5 Ways Executives Think & How To Communicate Accordingly

1. Don't Waste Their Time

Executives try to cram a "success" activity into most every minute. Whatever activities they do are somehow related to upward mobility. Versus most people don't really think about managing their time, except that they're too busy. Which is why executives get very irritated when they feel that you are wasting their time. Therefore, use their time sparingly and give them the summary first.


2. Be Prepared
Executives can always answer that question. They seem to be able to tackle any question no matter how far it is from their top of mind. Versus most people tend to be a little vague. Have a project dashboard online that you regularly update; attach key documents (like Sharepoint). Be ready to answer seemingly random and detailed questions, often with a time lag.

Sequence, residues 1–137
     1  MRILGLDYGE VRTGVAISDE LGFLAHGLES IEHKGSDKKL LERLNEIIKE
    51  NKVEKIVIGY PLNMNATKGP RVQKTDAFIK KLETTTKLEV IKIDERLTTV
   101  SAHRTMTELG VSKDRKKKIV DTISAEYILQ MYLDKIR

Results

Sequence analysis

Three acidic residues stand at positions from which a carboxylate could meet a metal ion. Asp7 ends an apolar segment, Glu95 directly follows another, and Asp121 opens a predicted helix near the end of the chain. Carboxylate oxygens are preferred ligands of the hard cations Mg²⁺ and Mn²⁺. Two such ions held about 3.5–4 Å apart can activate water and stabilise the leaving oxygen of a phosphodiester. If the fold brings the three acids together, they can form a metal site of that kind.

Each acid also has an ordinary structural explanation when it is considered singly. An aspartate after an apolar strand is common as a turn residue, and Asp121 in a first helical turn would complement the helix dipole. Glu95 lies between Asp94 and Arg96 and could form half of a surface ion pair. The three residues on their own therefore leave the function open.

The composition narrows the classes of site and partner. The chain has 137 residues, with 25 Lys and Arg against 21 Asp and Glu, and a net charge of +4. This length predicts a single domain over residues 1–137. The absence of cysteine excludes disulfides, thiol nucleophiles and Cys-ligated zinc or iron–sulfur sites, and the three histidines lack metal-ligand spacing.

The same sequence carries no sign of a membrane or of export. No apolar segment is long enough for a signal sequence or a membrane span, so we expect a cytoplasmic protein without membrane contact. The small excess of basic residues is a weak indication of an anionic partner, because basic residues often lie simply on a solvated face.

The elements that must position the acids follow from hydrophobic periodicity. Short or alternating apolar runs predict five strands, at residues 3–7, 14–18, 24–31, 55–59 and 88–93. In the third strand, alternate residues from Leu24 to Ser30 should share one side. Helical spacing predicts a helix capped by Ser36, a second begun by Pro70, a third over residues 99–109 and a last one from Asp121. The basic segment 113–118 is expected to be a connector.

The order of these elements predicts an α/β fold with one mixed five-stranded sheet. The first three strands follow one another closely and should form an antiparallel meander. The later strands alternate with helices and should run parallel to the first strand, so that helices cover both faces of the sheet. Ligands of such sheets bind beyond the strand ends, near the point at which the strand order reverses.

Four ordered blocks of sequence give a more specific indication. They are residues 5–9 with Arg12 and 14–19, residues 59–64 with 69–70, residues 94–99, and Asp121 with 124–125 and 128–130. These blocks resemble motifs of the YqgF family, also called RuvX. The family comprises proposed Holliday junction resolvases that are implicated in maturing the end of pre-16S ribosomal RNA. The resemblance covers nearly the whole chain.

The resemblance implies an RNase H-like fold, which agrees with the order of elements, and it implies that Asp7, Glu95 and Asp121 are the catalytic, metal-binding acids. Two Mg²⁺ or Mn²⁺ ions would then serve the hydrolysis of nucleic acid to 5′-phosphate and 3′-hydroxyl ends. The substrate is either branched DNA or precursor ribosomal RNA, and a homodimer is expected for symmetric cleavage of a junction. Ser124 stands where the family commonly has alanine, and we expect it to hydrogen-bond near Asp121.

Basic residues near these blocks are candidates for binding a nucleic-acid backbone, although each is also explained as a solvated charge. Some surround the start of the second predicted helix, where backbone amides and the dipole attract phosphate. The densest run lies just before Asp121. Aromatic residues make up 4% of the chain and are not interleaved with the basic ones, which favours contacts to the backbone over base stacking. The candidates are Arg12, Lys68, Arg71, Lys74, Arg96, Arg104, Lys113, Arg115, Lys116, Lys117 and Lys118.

3. Align With Their Priorities
Executives trade in multiple interconnected forms of capital: power, influence, status, connectivity, celebrity, intellectual, information, gossip, and of…

Communication, Reputation, and Business Results (Simple Graphic)

10 Critical Lessons From: "Corporate Branding & Corporate Brand Performance"

"Corporate Branding and Corporate Brand Performance" (2001, Fiona Harris and Leslie de Chernatony) is a little difficult to wade through but it offers a few really good nuggets for students of brand.

The most important thing to learn from the article is that brand is not a thing-in-itself but rather an intangible that yields measurable results.

1. Brands start with  Purpose (vision)Principle (values)2. Purpose and principle lead to positioning - "what the brand is, who it is for and what it offers."